Climate change, of course, continued unabated. Otherwise, without a massive coal ash spill or major hurricane to capture the public’s attention, the environmental losses were quieter, more piecemeal, albeit also significant: A proposed mine in Caswell County, an approved one in Alamance. A proposed Land Clearing and Inert landfill in Vance County. Yet another wood pellet plant whose air permit was approved by DEQ; it’s near tribal lands in Robeson County. A proposed plant that would convert creosote-treated railroad ties into “biochar” and emit air pollutants near a Black neighborhood in Richmond County.
In Duplin and Sampson counties, an expansive biogas project by Smithfield Foods and Dominion Energy would capture methane but entrench the open lagoon and spray system — and key details of the plan are secret. To illustrate just how outdated and perilous an open waste lagoon is, four days before Christmas, DC Mills Farm in Jones County discharged 1 million gallons of hog waste into a tributary of the Trent River.
And because of Colonial Pipeline’s enormous gasoline spill in Huntersville this year, the Top 5 environmental issues in North Carolina had to be expanded to six. The list could have been expanded further, but that would have been piling on.
1. A red alert on PFAS in drinking water
A year ago we knew PFAS, perfluorinated compounds, were bad for human health. Now we know they’re even worse.
Scientists and toxicologists in North Carolina and nationwide have held countless webinars, written scientific papers, testified before Congressional subcommittees and essentially yelled from rooftops that PFAS exposure is a public health crisis. Known as “forever chemicals” because it takes decades, if not hundred of years, for them to degrade in the environment, PFAS have been linked to kidney and testicular cancer, thyroid disorders, obesity, Type II diabetes, as well as harm to the developing brain and reproductive disorders. Recently, toxicologists found that high blood levels of PFAS can suppress the immune system and decrease the response to the COVID-19 vaccine.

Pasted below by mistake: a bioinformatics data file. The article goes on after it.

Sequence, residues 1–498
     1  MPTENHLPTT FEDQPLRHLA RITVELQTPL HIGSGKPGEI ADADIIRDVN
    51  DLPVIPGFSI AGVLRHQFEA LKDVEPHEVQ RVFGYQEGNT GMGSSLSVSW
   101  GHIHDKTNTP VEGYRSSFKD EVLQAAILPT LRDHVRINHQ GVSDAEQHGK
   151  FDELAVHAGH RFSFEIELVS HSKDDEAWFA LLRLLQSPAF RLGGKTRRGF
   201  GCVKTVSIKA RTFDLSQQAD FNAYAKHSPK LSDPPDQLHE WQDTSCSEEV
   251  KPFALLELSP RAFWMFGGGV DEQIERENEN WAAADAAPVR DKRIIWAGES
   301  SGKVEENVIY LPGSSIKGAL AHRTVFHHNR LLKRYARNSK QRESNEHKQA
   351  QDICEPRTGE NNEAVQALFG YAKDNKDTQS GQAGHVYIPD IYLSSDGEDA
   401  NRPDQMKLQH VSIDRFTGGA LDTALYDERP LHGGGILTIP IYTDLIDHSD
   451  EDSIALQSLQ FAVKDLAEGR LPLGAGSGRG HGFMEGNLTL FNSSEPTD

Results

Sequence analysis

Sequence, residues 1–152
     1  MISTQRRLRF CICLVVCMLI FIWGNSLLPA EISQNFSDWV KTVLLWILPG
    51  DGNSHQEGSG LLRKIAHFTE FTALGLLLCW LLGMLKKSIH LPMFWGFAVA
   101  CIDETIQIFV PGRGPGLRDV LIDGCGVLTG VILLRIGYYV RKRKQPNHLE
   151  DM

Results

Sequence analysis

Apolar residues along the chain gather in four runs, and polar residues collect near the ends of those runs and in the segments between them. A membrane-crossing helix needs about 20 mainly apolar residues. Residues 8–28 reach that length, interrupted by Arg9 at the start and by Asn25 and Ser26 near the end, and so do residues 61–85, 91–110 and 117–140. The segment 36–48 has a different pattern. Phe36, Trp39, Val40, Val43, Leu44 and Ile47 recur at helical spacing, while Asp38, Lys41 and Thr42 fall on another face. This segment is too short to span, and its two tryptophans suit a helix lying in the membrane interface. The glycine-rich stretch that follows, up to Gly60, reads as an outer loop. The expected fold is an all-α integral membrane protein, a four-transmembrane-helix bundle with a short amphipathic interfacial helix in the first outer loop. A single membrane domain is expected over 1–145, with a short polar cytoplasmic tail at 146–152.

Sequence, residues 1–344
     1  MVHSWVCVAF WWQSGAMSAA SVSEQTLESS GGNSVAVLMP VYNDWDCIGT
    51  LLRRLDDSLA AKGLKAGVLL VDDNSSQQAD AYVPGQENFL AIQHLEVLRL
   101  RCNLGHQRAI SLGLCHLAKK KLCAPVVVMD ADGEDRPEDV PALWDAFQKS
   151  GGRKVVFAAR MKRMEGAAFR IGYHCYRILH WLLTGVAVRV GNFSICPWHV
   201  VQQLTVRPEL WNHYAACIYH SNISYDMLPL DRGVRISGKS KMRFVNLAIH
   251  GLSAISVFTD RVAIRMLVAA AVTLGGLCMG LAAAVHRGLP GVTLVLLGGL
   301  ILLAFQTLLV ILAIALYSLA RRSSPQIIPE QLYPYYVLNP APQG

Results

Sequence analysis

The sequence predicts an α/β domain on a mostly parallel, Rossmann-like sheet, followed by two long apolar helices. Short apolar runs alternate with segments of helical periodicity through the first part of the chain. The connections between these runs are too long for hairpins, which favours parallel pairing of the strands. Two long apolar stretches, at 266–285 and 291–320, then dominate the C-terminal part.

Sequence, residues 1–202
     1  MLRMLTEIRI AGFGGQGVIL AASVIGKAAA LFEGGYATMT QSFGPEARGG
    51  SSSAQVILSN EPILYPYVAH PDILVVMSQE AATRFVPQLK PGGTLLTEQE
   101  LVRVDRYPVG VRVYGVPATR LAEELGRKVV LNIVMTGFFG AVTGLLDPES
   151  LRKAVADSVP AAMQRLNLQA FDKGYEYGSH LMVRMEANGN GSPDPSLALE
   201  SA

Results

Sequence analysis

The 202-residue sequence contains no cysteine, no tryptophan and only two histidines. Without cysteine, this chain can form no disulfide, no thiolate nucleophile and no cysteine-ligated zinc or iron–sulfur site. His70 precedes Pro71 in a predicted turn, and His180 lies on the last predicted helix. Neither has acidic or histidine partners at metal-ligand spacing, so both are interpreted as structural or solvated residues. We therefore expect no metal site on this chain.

Yet as the science has advanced, regulations have stagnated; hundreds of thousands of North Carolinians continue to be exposed through their public drinking water supplies, including Pittsboro, Cary, Wilmington, Brunswick County, Sanford and Fayetteville — as well as private drinking water wells. DEQ has recommended setting groundwater standards for two types of the compounds, PFOA and PFOS, which must be approved by the Environmental Management Commission. But that still leaves thousands of types of compounds unregulated in drinking water.
DEQ and Chemours, along with Cape Fear River Watch, agreed to a consent order that requires the company to essentially eliminate its air emissions containing the compounds. But most of the provisions in the order directly benefit the communities nearest the plant; downstream, in Wilmington and Brunswick County, any improvements would just trickle down.
Another toxic compound with a more cumbersome name, 1,4-Dioxane, has also been detected in drinking water supplies throughout the Cape Fear River Basin. It’s also been found in landfill leachate — basically the garbage juice that collects in tanks at the bottom of landfills and then is discharged to wastewater treatment plants. In turn, treated wastewater is often used as fertilizer on farm fields, replete with 1,4-Dioxane that can’t be removed by traditional treatment methods.
Big surprise: There is no drinking water standard for 1,4-Dioxane, either.
What’s next: Once PFAS are in the waterways, it’s impossible, at least using current technologies, to remove it. In which case, the contamination must be stopped at the source, of which there are many: industrial discharges, wastewater treatment plants, air emissions.
The EPA has issued lot of word salad about its plans to regulate PFAS, but has yet to draft any meaningful regulations, which should be a priority of the next administration.